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Notes: Jeff Locke hit hard and often, Clint Hurdle discusses looming lineup decisions

Charles LeClaire-USA TODAY Sports

Locke's rough night

In an otherwise completely empty and quiet clubhouse, Jeff Locke stood alone in front of his locker as the press entered. While the media formed a semi-circle around him and a few players walked in and quickly dressed and left, the left-hander, who said earlier this season that no one ever "wants to feel like the weak link," quietly explained what went wrong following one his worst starts of the season.

"Tonight was poor, real poor," Locke said of his performance. "I didn't really ever get settled in. I just never really got into any kind of groove."

Locke got hit hard and often over his five innings pitched. He allowed 11 hits and six runs, walked one and struck out two.

"Too many mistakes over the plate," Clint Hurdle said of Locke's troubles. "Fastball location [was a problem] and breaking balls didn't find their spots."

The Giants struck early against Locke, as Marlon Byrd golfed a two-out, two-run home run into the left field bleachers in the first inning.

"He's hit the ball all over the ballpark and out of the ballpark against us," Hurdle said.

Madison Bumgarner helped his own cause, crushing a 3-1, middle-middle fastball in the second. The two-run home run put the Giants up 5-1.

"Go back and look at where the pitch was," Hurdle said. "If you throw the pitch there a lot, it's going to get hit a lot."

Locke hasn't made it to the sixth inning in six consecutive outings. He has a 6.39 ERA over that period. In his last 11 starts, he has made it to the sixth only twice.

"It's no one's fault but [mine]," Locke said. "They're not the kind of ball club that give a lot away."

Hurdle discusses changes ahead

With Josh Harrison's return from the disabled list and Jordy Mercer set to re-join the team any day this weekend, Clint Hurdle suddenly has some difficult decisions to make. Simply put, the Pirates have too many talented players for too few starting positions. From the perspective of overall team strength, this, of course, is a problem that any manager would welcome. But it does also mean that some players may not be thrilled to find their roles changed.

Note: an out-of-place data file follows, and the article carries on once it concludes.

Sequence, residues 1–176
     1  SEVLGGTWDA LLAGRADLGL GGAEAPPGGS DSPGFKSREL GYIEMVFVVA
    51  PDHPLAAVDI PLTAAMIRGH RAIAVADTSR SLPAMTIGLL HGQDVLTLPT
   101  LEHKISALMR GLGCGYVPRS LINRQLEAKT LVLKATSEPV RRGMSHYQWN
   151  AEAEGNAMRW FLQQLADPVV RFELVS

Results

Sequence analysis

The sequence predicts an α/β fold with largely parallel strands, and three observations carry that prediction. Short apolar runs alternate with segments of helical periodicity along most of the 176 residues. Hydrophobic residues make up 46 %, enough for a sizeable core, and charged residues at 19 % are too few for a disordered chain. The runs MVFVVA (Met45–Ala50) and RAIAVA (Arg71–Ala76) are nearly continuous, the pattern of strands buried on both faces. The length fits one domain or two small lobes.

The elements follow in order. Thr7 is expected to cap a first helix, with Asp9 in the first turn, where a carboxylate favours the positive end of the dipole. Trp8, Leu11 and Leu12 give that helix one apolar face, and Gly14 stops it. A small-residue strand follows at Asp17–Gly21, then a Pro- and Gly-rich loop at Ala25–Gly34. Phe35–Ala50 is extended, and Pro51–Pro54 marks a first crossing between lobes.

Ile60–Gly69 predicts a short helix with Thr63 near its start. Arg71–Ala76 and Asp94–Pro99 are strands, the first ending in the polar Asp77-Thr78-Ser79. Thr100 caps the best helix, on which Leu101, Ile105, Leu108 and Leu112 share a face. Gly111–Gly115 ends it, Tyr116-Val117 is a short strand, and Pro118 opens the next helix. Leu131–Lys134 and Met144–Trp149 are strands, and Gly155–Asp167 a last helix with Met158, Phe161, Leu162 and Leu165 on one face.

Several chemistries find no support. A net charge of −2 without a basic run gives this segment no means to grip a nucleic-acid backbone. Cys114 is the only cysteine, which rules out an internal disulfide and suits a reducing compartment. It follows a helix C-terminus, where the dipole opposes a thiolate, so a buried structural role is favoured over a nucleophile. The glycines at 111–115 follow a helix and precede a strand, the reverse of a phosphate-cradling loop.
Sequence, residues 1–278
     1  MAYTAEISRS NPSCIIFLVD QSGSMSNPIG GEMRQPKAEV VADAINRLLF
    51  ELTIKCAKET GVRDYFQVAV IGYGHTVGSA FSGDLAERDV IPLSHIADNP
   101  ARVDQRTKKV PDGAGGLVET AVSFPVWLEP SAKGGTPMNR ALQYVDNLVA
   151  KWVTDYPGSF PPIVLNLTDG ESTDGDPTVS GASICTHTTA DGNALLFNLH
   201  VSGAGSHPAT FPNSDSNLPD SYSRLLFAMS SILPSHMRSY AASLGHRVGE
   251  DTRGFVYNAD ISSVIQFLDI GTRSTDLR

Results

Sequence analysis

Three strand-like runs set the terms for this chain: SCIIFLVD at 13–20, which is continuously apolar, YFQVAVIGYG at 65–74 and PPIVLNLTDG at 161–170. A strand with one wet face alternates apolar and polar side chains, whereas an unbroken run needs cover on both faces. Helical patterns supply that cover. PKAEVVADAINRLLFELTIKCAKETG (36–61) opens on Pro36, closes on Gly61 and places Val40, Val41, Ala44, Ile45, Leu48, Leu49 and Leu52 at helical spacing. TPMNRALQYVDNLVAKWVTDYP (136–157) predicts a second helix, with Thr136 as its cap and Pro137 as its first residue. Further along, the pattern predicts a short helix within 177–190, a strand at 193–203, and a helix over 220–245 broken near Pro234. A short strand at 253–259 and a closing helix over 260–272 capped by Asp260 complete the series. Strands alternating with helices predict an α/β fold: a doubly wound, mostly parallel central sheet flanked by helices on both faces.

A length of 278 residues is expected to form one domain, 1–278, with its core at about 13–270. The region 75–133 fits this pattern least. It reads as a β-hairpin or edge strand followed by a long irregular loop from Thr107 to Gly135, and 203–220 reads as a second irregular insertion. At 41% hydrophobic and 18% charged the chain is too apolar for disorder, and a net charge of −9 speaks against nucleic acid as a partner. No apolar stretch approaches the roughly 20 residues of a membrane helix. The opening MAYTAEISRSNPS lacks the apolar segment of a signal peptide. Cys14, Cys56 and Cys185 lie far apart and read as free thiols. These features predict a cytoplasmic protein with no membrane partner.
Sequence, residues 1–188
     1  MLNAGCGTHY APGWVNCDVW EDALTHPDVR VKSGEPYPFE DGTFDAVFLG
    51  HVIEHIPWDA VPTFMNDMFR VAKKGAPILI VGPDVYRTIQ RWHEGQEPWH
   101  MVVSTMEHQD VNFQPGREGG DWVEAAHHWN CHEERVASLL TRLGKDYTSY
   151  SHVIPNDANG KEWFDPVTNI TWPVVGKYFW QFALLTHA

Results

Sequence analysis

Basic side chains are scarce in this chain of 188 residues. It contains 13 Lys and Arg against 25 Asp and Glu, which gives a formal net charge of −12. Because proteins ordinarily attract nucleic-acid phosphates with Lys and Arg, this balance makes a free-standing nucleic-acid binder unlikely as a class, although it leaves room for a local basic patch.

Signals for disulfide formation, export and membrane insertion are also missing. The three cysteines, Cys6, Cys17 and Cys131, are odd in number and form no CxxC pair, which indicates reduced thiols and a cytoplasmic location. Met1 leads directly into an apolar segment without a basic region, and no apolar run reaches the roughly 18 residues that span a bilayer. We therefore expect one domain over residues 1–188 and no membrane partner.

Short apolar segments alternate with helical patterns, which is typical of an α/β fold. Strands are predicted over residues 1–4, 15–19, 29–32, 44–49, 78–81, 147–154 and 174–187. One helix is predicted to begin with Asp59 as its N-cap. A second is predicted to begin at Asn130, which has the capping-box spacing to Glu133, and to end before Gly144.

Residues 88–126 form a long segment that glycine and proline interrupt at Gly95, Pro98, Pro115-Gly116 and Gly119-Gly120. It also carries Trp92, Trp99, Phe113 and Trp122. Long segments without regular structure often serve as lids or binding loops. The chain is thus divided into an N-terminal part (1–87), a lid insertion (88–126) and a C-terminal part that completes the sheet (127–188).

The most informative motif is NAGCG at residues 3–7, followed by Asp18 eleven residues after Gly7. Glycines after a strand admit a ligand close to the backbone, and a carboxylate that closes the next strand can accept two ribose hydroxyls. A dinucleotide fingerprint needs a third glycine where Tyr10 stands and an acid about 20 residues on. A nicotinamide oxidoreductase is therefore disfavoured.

"Making people happy, that doesn't even get on my radar," Hurdle said when asked about the challenges a manager faces in a situations like this. "I'm not out to make people mad, but I'm definitely not about to make everybody happy. I need to do what's best for the club."

Hurdle doesn't anticipate any problems in the clubhouse and that is partly because of the personalities on the team.

"What I'm probably most proud of this team about — the sacrifices they've been willing to make for the greater good," Hurdle said. "That's why I'm confident. We'll have conversations and everyone will be prepared to help."

Winning, however, does help make what otherwise might be uncomfortable conversations, easier.

"It's received better at different times," Hurdle said. "It all comes down to players understanding the benefit of having a common goal, and nobody cares who gets the credit. ...When seasons flip, then it becomes an independent contractor mentality. It's not that 6-year-old in the backyard anymore, it's a grown man making a living. You want to keep these guys engaged, and I believe they are - because their heart is in it. Not their wallet."

Harrison to see plenty of time at second

While there are no outward indications that any of the players are anxious about their playing times or roles, Neil Walker didn't seem particularly eager to discuss whether he might be sharing more time with Josh Harrison at second.

"No, I assume I'm playing every day," Walker said flatly when asked if he'd had any conversations with Hurdle about playing time.

It is widely speculated that second base might become more of a platoon situation going forward, with Harrison playing against left-handers. Hurdle didn't do anything to dissuade that speculation this afternoon.

"That's definitely an option that we have," Hurdle said. "We like [Harrison's] defensive play at second base. We like the bat against any left-hander at multiple places."

There is about a 100-point difference in career OPS vs. lefties between Walker  (.659) and Harrison (.751).

For his part, Harrison sounded upbeat about returning to what appears to be his 2014 role.

"I always knew there was the opportunity to move around," Harrison said. "Even before I got hurt I was spending a little bit more time in the outfield and second base. I'm just glad to be back, and if it calls for me to bounce around I'm ready. I have my gloves and everything."

"I don't know. " "Third Base!"

The biggest logjam figures to be at third base, where Josh Harrison, Jung-ho Kang and Aramis Ramirez will remain in the mix. Hurdle shed some light on how he'll handle the situation when he made it clear that Aramis Ramirez "isn't going to be an everyday guy."

Hurdle indicated that Kang will likely continue to flip between shortstop and third base with days off "here and there." The fact that Kang will apparently continue to see substantial time at shortstop is an issue Hurdle said he will address with Jordy Mercer when he arrives back in Pittsburgh.